We recently culminated PCI’s first major event, Imagining Curatorial Vision in Performance: An International Symposium on Performance Curation.

The symposium’s opening program was held at the Bulwagan ng Dangal in UP Diliman on September 26. Beginning officially with welcoming remarks from PCI founder Prof. Roselle Pineda shortly followed by a special message from Dr. Cecilia Dela Paz of the Bulwagan ng Dangal.

Dr. Cecilia Dela Paz and Prof. Roselle Pineda
During cocktails, our speakers and delegates got the chance to mingle with each other and initiate discussions. (Pictured here William Peterson and Paschal Berry)

Cocktails were followed by the premiere of Con.Currents | Movement Provocations. After the performance experience, an open forum was held with Ms. Elena Laniog, Ms. Sarah Samaniego and the wonderful UP Dance Company.

the open forum following the premiere of Con.Currents | Movement Provocations

On September 27, the first day of the symposium commenced with the keynote panel “Imagining Performance Curation.” The panelists included Prof. Roselle Pineda, Dr. Dena Davida from Tangente Danse, Prof Eileen Legaspi-Ramirez of the University of the Philippines, Ms. Eri Karatsu of Aichi Prefecture Art Center. It was moderated by Prof. OJ Serquiña of the Department of Speech Communication and Theatre Arts.

Curation going back to its origins in the word Curare, where tending to relationships with artists, audience and colleagues matter as much taking care of artworks and performances.

The first two Exchange Cafes also had very fruitful discussions. The first one conversed on funding in the field performance curation. While for the afternoon exchange cafe, the film “White Funeral” was shown, followed by artists talks with Director Sari Dalena and Ms. Myra Beltran.

(L-R) Andrei Pamintuan of Fringe Manila, Cheska of WSK, and Alon Segarra of Sipat Lawin Ensemble share their experiences with sustaining productions and building networks
Director Sari Dalena and Ms. Myra Beltran talk about “White Funeral”

The afternoon panel focused on various multi-disciplinary practices ranging from music and dance, to local performance art and contemporary community theatre. Speakers included ethnomusicologist Dr. Jonas Baes, noted choreographer Ms. Myra Beltran, Performance artist Boyet de Mesa, and JK Anicoche, Sarah Salazar-Aronson, and Ness Roque-Lumbres of the Sipat Lawin Ensemble. Prof. Bryan Viray from the College of Arts and Letters, UP Diliman, moderated the very interesting panel of practitioners.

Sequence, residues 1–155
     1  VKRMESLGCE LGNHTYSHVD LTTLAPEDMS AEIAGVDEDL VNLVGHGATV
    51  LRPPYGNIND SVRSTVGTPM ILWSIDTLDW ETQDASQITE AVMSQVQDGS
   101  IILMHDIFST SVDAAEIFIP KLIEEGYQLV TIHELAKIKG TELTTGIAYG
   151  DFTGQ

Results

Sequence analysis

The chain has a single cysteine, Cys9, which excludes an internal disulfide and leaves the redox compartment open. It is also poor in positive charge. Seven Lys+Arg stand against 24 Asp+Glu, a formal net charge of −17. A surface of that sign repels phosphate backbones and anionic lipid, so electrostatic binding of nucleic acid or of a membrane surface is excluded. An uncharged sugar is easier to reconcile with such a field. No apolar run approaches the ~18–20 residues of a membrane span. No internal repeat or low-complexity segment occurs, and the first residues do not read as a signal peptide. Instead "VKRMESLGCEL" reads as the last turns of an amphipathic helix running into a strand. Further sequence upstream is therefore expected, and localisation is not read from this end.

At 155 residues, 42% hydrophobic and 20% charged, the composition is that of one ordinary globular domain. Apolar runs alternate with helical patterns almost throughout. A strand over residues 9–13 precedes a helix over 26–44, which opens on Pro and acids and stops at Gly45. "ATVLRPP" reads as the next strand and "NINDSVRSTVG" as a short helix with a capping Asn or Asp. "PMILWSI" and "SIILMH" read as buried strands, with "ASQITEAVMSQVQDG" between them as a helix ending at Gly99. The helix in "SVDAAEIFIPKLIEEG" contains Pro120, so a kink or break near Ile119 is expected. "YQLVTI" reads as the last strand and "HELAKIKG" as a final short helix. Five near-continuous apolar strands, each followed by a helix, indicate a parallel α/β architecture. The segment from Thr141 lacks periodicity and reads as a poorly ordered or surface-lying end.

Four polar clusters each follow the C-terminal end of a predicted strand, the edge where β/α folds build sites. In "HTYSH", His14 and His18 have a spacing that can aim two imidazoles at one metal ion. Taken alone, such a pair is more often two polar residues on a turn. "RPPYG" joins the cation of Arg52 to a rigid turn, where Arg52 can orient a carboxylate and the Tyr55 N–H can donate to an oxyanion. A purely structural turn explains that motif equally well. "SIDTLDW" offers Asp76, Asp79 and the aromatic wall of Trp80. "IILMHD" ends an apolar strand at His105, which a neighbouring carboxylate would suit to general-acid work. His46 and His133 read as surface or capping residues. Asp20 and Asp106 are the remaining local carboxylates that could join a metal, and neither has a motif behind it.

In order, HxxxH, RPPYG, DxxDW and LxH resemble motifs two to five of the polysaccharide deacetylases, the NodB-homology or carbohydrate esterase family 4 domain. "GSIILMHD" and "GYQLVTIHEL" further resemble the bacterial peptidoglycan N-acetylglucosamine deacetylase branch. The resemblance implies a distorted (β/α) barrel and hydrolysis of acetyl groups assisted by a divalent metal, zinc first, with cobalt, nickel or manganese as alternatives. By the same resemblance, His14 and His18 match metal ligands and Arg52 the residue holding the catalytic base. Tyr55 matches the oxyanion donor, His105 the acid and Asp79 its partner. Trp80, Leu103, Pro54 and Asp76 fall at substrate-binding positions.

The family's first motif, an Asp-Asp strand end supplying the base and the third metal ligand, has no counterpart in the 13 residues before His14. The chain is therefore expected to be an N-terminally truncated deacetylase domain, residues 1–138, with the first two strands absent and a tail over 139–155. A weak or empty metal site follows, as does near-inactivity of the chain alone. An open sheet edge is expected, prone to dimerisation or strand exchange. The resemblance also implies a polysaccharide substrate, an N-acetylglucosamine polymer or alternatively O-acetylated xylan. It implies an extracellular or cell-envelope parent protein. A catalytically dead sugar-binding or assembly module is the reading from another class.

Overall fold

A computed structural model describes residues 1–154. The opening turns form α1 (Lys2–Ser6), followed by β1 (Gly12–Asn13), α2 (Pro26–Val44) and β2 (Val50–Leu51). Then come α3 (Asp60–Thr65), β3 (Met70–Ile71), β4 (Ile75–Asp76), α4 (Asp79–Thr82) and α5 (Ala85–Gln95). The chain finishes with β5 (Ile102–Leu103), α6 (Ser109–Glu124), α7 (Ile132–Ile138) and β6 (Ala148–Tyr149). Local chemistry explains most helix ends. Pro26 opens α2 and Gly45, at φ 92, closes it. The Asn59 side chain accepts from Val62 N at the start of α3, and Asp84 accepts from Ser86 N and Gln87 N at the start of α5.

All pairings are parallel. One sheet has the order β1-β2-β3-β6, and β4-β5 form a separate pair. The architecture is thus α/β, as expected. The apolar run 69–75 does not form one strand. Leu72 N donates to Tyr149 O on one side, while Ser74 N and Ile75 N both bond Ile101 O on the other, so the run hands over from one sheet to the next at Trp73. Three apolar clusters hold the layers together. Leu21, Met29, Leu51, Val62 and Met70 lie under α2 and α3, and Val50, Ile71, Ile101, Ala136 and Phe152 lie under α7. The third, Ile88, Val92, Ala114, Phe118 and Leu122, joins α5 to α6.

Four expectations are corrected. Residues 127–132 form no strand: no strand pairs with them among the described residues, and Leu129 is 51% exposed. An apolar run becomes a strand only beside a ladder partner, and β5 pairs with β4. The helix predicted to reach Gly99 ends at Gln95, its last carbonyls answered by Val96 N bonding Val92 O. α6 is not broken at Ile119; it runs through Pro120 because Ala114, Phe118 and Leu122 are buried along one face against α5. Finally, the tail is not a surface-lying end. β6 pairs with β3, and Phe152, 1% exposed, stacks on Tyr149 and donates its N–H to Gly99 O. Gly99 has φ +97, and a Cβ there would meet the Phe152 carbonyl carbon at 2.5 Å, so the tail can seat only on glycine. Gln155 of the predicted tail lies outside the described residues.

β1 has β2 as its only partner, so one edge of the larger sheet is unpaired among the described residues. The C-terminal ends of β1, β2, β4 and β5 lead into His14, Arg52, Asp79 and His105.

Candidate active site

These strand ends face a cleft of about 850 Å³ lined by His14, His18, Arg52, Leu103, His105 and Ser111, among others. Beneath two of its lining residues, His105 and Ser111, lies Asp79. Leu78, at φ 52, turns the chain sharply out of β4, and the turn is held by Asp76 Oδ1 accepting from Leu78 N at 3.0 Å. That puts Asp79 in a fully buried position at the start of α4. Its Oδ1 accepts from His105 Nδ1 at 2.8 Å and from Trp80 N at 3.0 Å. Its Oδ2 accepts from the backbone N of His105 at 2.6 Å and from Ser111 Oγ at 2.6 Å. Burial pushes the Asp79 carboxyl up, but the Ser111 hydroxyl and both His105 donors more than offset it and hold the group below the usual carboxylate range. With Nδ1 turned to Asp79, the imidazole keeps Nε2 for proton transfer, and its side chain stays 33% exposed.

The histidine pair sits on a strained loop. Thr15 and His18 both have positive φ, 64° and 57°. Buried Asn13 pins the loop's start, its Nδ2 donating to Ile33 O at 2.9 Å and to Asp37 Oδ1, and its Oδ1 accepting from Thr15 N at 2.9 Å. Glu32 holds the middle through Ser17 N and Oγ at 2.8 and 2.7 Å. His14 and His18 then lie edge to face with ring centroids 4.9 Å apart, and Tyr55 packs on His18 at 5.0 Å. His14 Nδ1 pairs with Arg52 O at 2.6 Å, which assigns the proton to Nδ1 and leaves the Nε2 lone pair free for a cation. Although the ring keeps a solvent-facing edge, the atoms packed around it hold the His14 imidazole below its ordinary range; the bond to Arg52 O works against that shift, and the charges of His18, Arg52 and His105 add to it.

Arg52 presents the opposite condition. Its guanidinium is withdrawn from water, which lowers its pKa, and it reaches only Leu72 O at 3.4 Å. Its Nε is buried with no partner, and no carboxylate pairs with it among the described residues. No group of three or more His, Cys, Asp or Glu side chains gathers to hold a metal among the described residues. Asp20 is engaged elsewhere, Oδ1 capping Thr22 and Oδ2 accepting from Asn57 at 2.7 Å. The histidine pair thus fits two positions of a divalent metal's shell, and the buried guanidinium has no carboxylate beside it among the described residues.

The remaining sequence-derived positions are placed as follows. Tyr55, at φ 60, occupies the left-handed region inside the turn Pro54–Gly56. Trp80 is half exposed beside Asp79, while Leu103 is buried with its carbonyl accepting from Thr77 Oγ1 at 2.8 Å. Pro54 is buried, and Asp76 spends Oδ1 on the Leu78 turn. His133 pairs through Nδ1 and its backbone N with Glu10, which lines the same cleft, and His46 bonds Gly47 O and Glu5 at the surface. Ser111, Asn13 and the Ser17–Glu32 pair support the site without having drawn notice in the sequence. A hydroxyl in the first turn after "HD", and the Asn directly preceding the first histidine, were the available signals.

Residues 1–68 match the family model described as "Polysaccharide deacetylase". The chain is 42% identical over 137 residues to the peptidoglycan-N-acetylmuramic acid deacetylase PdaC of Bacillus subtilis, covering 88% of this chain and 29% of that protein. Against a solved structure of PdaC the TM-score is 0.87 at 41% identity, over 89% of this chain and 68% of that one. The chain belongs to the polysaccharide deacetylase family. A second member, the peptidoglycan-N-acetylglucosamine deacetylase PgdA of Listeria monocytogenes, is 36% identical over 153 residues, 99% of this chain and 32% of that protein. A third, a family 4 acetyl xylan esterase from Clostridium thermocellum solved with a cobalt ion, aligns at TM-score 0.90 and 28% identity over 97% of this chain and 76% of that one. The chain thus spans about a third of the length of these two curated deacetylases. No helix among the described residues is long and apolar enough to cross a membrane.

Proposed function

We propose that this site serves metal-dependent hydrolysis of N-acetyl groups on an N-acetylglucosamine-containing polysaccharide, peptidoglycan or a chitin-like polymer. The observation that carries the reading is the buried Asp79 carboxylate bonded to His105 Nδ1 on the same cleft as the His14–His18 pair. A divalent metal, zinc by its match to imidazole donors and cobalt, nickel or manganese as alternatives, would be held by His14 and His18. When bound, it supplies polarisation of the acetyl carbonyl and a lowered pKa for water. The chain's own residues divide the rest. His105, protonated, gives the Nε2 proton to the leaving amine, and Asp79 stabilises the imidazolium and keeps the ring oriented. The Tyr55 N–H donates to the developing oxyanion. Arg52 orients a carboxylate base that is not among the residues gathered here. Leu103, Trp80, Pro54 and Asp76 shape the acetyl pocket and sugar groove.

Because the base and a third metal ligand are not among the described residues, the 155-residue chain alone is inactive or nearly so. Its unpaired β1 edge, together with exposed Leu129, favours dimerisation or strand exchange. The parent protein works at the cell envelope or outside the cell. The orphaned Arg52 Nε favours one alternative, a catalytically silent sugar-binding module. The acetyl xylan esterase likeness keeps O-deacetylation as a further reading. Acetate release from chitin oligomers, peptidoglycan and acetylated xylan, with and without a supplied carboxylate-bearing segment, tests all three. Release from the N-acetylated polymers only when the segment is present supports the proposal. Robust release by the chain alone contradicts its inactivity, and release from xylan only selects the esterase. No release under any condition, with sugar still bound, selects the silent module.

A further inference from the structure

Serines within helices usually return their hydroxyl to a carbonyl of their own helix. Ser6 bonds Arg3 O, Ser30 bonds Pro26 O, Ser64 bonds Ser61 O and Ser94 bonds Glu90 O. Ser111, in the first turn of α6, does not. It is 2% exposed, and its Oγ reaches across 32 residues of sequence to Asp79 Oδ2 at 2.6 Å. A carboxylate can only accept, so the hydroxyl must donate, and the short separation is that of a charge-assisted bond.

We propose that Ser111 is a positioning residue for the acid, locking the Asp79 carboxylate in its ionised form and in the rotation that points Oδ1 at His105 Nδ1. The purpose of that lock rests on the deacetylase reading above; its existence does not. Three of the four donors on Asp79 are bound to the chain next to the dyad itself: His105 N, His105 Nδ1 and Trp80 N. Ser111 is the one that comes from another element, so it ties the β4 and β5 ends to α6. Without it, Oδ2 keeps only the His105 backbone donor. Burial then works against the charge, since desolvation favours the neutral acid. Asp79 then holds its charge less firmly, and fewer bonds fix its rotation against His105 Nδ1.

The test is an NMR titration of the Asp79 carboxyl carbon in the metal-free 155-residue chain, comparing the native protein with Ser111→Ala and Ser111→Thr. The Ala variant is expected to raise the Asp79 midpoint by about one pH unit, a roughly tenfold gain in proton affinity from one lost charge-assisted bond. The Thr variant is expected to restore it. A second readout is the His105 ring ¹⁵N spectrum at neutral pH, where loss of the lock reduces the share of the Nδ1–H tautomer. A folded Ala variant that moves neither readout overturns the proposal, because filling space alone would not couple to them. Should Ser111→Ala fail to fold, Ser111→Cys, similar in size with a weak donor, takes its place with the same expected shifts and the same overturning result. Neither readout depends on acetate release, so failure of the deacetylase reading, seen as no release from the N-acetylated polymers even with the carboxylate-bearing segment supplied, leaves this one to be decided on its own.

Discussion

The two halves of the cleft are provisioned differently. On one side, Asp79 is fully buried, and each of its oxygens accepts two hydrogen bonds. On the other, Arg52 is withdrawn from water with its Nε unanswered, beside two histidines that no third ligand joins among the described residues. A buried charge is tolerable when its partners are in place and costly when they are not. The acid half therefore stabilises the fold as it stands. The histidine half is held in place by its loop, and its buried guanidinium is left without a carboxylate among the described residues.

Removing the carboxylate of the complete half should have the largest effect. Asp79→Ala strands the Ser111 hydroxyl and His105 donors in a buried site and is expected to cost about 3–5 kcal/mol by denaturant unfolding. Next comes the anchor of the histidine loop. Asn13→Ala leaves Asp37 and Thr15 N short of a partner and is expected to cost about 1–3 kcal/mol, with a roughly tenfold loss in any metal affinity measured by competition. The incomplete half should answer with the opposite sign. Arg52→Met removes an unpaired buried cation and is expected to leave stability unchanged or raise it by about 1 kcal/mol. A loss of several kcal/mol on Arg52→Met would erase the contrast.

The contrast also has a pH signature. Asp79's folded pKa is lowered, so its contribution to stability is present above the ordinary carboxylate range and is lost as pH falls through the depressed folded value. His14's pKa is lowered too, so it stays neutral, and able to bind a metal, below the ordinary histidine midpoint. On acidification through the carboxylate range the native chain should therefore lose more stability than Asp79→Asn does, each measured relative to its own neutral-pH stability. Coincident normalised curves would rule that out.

00001263The 28th of September opened with speakers Prof. Will Peterson of Flinders University, Dr. May Datuin current head of the Department of Art Studies in UP Diliman, Dr. Steven Fernandez of Marawi State University. The panel focused on pedagogies. Mr. Peterson talked about festivals and explained how the body becomes deeply emplaced so much so that they come back year after year, while Dr. Fernandez spoke of “transcreation” applying to curations being a “performative” act.

Prof. Sarah Miller asking the Panel on Pedagogy and Performance Curation
“Collaborations are a form of Pakikipagkapwa.” – Dr. Flaudette May Datuin

The afternoon panel on Trans-geography and Communities was moderated by PCI’s very own Ms. Reena Manalo. Dr. Dela Paz emphasized on the need for researchers, especially the ones in the urbanized centers, to give back to the local community after gathering of data is finished. Mr. Leonardo Cariño of Teatro Ambahanon explained why they consider themselves a “terminal” and not the destination for contemporary dancers. Both Jane Gabriels and Marc Pronovost delivered informative and illuminating messages through video presentation. The former talked about the challenges brought by gentrification in the Bronx, while the latter focused on Cultural Mediation with communities in Canada.